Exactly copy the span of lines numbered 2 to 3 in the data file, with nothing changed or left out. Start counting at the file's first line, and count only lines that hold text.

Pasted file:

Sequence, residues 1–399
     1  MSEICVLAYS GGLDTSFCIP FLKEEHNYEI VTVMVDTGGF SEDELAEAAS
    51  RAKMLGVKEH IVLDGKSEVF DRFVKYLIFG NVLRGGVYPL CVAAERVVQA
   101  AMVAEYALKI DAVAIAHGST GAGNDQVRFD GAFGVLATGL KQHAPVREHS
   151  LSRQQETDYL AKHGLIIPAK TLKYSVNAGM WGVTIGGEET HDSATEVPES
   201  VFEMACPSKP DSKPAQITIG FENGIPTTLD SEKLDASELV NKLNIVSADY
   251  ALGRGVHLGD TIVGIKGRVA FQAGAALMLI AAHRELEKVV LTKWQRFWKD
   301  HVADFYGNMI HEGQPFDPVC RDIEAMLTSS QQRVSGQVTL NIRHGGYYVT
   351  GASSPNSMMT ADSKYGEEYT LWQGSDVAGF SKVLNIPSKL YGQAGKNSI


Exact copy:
     1  MSEICVLAYS GGLDTSFCIP FLKEEHNYEI VTVMVDTGGF SEDELAEAAS
    51  RAKMLGVKEH IVLDGKSEVF DRFVKYLIFG NVLRGGVYPL CVAAERVVQA